Abarim Publications' online Biblical Hebrew Dictionary
There are two roots of the form עשה ('asa) in the Bible, and they don't seem to have a lot to do with each other. But on the other hand, the meaning of the first root is so malleable that the meaning of the second one can be squeezed into it without much imagination:
The root-verb עשה ('asa I) is the common Hebrew verb to do or make. It should be distinguished from the verbs ברא (bara) meaning to create something that wasn't there before, יצר (yasar), meaning to fashion something that was already there in some rudimentary form, and פעל (pa'al), which tends to describe one's moral deeds. The verb עשה ('asa) differs additionally in that this verb allows the making of some kind of deed (hence: doing), such as a commandment.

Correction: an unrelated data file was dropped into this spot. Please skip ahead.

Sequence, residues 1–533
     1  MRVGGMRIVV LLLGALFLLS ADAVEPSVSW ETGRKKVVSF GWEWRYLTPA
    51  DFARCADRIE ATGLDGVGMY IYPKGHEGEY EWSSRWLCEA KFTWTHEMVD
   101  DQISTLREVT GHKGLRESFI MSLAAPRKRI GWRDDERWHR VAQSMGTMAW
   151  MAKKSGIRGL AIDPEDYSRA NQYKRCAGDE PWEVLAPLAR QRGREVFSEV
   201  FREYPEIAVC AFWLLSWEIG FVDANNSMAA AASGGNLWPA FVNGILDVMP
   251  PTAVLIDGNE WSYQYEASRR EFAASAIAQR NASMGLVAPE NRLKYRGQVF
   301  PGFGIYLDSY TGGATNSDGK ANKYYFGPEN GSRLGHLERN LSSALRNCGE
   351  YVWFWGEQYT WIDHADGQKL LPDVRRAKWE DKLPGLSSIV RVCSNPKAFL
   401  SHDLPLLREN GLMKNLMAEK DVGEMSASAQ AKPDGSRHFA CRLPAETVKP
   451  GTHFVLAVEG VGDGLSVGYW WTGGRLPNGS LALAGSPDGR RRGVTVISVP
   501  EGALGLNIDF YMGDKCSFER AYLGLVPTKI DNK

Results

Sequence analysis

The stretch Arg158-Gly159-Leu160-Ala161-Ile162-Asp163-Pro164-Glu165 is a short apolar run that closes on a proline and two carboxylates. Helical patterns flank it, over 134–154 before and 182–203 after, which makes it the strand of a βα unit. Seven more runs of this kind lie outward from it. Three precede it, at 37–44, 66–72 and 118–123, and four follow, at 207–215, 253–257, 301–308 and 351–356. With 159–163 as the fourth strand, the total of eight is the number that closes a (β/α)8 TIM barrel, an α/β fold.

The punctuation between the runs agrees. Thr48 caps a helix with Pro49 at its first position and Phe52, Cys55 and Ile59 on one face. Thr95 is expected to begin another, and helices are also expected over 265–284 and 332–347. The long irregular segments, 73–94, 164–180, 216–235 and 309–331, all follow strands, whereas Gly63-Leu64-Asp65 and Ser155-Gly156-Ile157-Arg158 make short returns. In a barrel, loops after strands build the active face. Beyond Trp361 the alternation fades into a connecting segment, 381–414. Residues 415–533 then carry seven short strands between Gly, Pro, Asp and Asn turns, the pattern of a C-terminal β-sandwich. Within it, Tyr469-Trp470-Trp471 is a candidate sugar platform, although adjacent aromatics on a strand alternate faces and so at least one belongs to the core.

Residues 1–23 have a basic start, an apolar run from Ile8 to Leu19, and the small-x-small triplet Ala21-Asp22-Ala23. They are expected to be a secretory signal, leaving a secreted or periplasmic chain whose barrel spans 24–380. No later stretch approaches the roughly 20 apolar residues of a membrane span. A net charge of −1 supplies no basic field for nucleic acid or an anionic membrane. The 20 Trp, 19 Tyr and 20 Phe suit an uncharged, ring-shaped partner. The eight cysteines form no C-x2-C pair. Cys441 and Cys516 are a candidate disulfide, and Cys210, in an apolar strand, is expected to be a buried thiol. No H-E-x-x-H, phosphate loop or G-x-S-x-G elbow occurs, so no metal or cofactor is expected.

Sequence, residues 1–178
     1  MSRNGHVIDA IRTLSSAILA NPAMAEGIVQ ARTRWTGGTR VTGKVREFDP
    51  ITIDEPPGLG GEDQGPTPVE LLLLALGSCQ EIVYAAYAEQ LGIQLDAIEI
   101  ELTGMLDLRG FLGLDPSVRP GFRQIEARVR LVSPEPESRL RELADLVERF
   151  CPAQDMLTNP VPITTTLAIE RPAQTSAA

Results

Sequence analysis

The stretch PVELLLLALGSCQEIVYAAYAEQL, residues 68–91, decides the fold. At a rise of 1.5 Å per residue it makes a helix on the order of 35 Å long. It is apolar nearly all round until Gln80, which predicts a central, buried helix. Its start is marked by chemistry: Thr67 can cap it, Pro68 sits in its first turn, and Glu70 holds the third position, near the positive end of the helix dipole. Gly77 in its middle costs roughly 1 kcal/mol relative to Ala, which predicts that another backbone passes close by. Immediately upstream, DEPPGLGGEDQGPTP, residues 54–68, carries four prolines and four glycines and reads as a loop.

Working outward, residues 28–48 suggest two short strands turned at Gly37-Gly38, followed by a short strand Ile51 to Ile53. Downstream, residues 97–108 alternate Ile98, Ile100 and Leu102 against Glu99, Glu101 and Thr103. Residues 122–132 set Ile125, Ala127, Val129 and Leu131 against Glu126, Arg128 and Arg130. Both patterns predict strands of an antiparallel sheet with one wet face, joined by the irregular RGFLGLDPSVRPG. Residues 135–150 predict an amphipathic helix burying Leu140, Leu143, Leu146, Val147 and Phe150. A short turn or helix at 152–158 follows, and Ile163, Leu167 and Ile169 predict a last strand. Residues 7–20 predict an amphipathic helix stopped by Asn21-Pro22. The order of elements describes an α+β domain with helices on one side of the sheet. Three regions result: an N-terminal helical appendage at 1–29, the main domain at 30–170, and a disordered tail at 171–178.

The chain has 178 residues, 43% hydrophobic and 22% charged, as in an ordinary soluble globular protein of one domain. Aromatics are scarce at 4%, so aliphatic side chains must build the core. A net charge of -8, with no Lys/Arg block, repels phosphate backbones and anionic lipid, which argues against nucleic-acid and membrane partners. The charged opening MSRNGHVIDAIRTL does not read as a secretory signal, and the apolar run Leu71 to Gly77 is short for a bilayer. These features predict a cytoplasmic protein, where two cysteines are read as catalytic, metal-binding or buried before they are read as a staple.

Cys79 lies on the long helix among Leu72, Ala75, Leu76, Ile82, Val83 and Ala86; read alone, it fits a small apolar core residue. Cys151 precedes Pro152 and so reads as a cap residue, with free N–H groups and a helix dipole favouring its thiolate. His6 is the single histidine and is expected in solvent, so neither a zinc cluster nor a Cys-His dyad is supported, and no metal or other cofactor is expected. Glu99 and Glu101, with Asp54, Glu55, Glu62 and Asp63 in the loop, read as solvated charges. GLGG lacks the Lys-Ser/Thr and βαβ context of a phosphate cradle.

Apart from conveying the meanings contained in our English verb "to do", this wonderful verb works like a virtual engine in a wide range of expressions: do mightily, do efficiently, do a work, exercise power or sovereignty, do evil, do kindness, to deal with, etcetera. The verb is also used to mean to make or fashion, to bring about something, to destroy something, to produce something, to prepare, to attend, to observe or celebrate, to acquire, to appoint, ordain or institute, to use or to spend.
Besides the strictly creative verb ברא (bara), our verb עשה ('asa) is frequently used in the creation account or references thereto.
An expectable derivation of our verb is the masculine noun מעשה (ma'aseh), meaning deed or act, with again as many colors and hues as the parent verb (Genesis 5:29, Exodus 5:4, Psalm 115:4, Isaiah 2:8).
An identical verb עשה ('asa II) occurs in Ezekiel 23:3 and 23:8. It means to press or squeeze. Relations between these two verbs are unclear.